SACRAMENTO, Calif. — Republicans harnessed pandemic anger months ago to qualify the recall election against California Gov. Gavin Newsom. Now the Democrat is banking on a pandemic strategy of his own to save his job.
After tiptoeing around Covid-19 issues early this summer, Newsom is issuing mask and vaccine mandates and taking a tough-on-the-virus approach in the final stretch of the recall campaign.
The tactics have turned the race into the nation’s biggest referendum on how to fight the pandemic — and further inflamed partisan divisions over public health. Just as Florida Gov. Ron DeSantis thinks banning mandates is a winning message in his red state, Newsom hopes voters will embrace his more restrictive Covid-19 approach in deep-blue California.
"There is no more consequential decision to the health and safety of the people of the state of California than voting no on this Republican-backed recall," Newsom said Tuesday at a vaccine event in Oakland two weeks before the recall election. He said that "the starkest contrast" exists between him and the Republican candidates who would rather go the way of Texas and Florida, states with more lax protocols and subsequently lower vaccine rates and higher virus cases.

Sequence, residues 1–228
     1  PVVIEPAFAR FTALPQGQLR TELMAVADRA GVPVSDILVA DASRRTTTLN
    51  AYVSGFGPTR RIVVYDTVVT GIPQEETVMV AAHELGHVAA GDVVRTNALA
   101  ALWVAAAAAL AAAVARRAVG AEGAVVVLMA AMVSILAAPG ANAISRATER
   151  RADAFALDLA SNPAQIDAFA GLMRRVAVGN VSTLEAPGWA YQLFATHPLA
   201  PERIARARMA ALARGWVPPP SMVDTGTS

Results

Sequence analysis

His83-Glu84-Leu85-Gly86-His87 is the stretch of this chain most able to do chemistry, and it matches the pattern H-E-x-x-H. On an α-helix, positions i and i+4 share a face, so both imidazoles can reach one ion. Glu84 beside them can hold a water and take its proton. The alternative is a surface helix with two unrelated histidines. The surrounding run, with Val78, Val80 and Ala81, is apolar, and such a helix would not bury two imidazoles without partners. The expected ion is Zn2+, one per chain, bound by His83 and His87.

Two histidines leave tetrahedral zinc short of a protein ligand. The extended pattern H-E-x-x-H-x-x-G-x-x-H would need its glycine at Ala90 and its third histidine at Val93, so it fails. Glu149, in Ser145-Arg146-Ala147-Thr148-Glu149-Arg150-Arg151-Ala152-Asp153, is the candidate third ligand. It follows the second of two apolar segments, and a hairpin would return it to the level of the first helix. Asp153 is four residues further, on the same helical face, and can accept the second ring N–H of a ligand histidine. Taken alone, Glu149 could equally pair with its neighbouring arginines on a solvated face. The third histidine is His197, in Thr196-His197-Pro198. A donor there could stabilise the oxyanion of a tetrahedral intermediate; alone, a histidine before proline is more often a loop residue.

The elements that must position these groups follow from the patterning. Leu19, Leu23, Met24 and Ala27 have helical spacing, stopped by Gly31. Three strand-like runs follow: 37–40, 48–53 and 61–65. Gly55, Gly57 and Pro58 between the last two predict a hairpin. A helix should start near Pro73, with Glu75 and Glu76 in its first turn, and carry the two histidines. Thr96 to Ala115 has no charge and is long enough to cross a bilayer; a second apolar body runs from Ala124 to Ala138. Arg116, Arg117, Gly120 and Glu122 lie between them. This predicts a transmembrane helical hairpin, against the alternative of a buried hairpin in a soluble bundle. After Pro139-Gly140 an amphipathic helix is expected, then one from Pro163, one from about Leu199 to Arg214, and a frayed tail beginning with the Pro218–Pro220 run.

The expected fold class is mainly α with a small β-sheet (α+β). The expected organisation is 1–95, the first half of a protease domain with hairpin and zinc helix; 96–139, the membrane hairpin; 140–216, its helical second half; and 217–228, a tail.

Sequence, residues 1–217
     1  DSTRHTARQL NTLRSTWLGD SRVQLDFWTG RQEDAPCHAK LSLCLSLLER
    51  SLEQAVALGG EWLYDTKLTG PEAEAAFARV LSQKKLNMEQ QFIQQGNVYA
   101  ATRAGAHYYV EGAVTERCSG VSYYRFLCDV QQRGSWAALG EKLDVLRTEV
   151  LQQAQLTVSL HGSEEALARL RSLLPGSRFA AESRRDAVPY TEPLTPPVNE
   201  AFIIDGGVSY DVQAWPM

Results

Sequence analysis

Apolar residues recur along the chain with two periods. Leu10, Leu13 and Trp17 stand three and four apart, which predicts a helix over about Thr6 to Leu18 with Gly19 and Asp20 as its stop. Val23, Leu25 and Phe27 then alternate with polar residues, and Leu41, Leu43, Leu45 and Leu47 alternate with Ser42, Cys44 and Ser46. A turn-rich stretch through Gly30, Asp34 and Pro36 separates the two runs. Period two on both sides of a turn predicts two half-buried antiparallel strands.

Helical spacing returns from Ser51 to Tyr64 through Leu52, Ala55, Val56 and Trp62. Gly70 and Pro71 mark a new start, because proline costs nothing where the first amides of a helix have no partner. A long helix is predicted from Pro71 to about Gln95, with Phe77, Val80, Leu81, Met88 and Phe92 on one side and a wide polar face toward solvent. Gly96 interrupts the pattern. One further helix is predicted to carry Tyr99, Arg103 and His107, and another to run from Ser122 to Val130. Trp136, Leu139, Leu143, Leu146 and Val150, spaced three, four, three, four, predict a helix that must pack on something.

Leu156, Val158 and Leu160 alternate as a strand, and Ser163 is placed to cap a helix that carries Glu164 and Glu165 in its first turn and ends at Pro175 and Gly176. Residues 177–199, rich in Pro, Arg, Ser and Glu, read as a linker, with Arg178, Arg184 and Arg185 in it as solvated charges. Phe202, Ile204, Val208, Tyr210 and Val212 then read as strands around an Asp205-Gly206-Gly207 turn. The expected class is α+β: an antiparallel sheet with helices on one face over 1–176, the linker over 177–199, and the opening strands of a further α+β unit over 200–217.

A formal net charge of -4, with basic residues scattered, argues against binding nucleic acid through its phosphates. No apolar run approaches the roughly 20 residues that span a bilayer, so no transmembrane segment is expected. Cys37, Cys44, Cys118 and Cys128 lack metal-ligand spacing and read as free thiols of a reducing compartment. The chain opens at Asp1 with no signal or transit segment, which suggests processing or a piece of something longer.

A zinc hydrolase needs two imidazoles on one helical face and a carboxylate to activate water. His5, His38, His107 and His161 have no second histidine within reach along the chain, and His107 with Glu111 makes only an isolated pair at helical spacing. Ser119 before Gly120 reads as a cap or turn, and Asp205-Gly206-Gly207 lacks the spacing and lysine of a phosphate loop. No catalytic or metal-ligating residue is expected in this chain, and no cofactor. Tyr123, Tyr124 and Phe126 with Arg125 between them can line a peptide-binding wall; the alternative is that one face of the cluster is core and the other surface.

The governor was blasted in November for attending a high-end French Laundry dinner with lobbyist friends despite discouraging residents from attending social gatherings, a cringe-worthy decision widely viewed as a catalyst for the signature drive that qualified the recall. Things only got worse in subsequent months as California suffered its highest Covid-19 death rates and hospitals were overrun.